The unfair relationship test is set out in section 140A of the Consumer Credit Act.
It permits the court to make an order under section 140B if it determines that the relationship between a creditor, e.g. Barclays Partner Finance and debtor, e.g. you, arising out of the agreement (or related agreement) is unfair to the debtor based on one or more of the following:
- Any of the terms of the contract or any similar agreement
- How the creditor has exercised or enforced any of his rights under the agreement or any related agreement
- Any other thing is done (or not done) by, or on behalf of, the creditor. (Either before or after making of the agreement or any related agreement).
Contrary to the normal position that ‘he who asserts must prove’, where the debtor alleges that the relationship is unfair, it is for the creditor to prove that it is not. 140B(9) of the Act puts the burden on lenders to prove that a relationship is not unfair.
The provisions apply to both regulated, and unregulated credit agreements and section 140A gives the court a broad discretion to “have regard to all matters it thinks relevant”.
The discretion applied by the court has proved the unfair relationship regime to have a broad-reaching effect.
The court will focus on the relationship as a whole and not whether the agreement itself was unfair. Accordingly, the court may review the relationship between the lender and borrower after the agreement has concluded, and the review could extend to consider the entire history of the banking or credit relationship.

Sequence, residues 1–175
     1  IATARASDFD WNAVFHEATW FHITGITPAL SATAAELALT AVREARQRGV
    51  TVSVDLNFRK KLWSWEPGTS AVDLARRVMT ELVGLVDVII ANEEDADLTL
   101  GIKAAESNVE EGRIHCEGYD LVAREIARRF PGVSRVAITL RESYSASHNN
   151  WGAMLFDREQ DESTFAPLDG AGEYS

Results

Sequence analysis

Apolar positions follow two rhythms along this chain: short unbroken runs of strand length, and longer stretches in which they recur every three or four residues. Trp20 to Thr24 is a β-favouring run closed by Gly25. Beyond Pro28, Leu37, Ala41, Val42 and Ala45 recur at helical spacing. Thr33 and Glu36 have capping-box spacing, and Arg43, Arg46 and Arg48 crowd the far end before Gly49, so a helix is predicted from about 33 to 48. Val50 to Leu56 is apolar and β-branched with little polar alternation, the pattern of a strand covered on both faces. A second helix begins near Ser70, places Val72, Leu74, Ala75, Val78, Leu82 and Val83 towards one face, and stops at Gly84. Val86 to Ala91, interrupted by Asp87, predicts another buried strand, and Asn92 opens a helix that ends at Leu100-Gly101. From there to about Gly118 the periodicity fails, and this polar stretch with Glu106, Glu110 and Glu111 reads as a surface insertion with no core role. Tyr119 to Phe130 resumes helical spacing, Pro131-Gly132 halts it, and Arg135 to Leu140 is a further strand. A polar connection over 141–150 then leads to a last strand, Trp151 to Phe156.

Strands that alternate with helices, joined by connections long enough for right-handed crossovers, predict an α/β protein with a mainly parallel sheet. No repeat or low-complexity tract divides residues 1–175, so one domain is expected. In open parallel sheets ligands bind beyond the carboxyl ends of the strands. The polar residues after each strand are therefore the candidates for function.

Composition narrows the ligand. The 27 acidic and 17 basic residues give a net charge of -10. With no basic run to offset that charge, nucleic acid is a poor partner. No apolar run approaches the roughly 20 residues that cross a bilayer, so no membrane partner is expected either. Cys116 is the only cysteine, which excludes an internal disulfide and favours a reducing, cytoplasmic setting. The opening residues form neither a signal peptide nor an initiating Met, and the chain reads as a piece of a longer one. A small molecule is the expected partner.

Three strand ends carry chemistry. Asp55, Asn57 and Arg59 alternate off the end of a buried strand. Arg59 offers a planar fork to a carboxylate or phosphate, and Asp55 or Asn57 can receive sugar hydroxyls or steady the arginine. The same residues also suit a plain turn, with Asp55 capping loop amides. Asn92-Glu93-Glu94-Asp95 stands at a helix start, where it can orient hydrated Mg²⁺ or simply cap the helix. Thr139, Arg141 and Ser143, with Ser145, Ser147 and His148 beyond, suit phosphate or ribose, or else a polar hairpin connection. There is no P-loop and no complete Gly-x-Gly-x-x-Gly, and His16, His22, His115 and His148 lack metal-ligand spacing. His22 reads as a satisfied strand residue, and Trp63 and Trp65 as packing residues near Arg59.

In 2014, Plevin v Paragon Personal Finance Ltd established that the lender doesn’t need to have breached a duty to the borrower before the relationship could be found to be unfair. The Supreme Court revisited the issue of unfair relationships in relation to PPI mis-selling claims.
In particular, the court was concerned with the non-disclosure of commissions payable out of a PPI premium where the lender had committed no breach of the ICOB regulations. Prior to Plevin, the finding of an unfair relationship was based on the standard imposed by the regulatory authorities pursuant to their statutory duties.
Plevin viewed this basis in the broader context of the standard of commercial conduct reasonably to be expected of the creditor.
This wider context now allows the court to consider the fairness or unfairness of the banking relationship even in circumstances where the lender has complied with their duties to the borrower.
If you have purchased a Timeshare or Fractional ownership and paid for it by linked finance or credit card, then you may qualify for a refund and compensation.